How to Design Attribute
The best sample plan minimizes your risk of rejecting
by William A. Levinson
Die lot sizes can exceed 10,000, and 100-percent die testing is expensive and time-consuming. If the lot is mostly (e.g., greater than 98-percent) good, it's usually cheaper to ship it and accept the extra losses after assembly. Otherwise, it is far more economical to rectify it and cull the bad units in Mountaintop.
Sequential sampling plans often allow the decision of whether to pass or reject the lot with a very small sample size. Sequential sampling plans reject very bad lots and pass very good ones quickly. Because the testing equipment can't be programmed to perform sequential sampling, Harris must rely on a single-sample acceptance sampling plan.
Single-sample acceptance plans
Two numbers define single-sample attribute sampling plans: the sample size, n, and the acceptance number, c. The inspector (or test) examines n pieces, and the lot passes if c or fewer are nonconforming. More than c nonconformances results in rejection of the lot. Such lots are usually rectified or detailed: All the pieces are tested or inspected, and the bad ones are discarded (Figure 1). p is the lot's actual nonconforming fraction.
The sampling plan must meet two specifications:
The chance of failing a lot of acceptable quality (acceptable quality level or AQL) must be no greater than a, which is the producer's risk, that is, the manufacturer's risk of having to reject an acceptable lot.
The chance of accepting a lot of rejectable quality (lot tolerance percent defective or LTPD) must be no greater than b, which is the consumer's risk, that is, the customer's risk of getting an unacceptable lot.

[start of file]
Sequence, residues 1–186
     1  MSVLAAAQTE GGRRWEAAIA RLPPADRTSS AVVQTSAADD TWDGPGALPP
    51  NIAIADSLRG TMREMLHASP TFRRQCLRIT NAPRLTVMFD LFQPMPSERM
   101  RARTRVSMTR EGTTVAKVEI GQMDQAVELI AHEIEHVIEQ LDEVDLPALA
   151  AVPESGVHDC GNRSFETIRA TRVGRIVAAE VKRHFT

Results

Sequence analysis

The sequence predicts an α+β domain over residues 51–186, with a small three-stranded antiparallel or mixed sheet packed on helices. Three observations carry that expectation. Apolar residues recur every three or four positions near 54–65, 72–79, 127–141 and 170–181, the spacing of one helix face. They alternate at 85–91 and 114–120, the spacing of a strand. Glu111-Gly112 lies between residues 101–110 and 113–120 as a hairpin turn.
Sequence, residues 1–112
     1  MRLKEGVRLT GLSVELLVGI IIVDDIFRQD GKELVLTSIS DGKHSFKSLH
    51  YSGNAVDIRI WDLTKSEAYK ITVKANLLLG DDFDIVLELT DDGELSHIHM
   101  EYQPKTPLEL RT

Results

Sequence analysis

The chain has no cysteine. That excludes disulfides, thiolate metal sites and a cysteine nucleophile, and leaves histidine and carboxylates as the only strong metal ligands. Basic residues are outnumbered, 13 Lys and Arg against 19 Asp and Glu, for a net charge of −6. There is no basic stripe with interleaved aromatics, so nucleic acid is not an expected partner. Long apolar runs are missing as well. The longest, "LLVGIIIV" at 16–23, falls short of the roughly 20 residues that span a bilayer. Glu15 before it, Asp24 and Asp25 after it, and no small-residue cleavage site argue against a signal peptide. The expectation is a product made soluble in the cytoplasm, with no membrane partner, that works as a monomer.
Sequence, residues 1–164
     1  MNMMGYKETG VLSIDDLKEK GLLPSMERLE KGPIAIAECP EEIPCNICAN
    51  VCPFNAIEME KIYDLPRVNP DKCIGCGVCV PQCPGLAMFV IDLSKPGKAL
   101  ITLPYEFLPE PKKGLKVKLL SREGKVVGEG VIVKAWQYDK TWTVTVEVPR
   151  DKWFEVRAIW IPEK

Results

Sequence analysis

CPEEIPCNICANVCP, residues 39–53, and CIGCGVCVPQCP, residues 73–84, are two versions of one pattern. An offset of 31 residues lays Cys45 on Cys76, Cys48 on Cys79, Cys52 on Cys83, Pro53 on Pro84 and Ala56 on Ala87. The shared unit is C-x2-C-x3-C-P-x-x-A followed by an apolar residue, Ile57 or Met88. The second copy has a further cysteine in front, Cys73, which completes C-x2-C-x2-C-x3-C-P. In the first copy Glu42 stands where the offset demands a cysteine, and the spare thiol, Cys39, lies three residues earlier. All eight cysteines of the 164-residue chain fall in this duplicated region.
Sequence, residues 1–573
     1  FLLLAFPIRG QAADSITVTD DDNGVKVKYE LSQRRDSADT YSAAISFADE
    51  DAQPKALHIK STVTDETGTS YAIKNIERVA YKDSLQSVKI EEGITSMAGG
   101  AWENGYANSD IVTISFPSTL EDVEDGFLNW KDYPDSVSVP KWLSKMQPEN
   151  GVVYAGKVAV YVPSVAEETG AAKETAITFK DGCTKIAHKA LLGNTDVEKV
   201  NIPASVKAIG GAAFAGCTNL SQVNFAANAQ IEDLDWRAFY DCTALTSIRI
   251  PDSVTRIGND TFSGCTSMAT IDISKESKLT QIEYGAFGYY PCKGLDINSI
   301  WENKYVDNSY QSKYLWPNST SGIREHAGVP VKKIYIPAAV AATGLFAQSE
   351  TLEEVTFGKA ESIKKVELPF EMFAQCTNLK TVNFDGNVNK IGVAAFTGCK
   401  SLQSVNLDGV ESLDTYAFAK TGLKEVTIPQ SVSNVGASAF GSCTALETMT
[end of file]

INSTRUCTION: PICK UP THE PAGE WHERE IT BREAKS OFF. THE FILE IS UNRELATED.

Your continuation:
Many plans will meet or exceed the requirements PA(AQL) ³ 1 - a and PA(LTPD) £ b, where PA is the probability of acceptance. Since inspection and testing cost money, the best plan meets these requirements with the smallest possible sample size. An algorithm for finding the most economical sampling plan follows.
Sampling plan economics
To determine the plan's economic aspects, the planner must know the per-unit inspection cost and the per-unit failure cost. The inspection cost can include the cost of purchasing new inspection or test equipment--existing equipment is a sunk cost even if the accounting system applies its cost to the product under consideration. The failure cost, or penalty cost, is the cost of shipping bad pieces to the next operation. In Harris' application, this is the cost of assembling these units into complete transistor packages before testing and discarding them. The inspection cost is proportional to the plan's average total inspection (ATI), and its penalty cost is proportional to the average outgoing quality (AOQ).
The procedure assumes that the sample is a small portion of the lot, i.e., the binomial approximation to the hypergeometric distribution applies. (The procedure could presumably be modified to use the hypergeometric distribution.) Under the binomial distribution,
n! causes overflow for large sample sizes even in double-precision computer variables.
The following recursion formula works for such samples: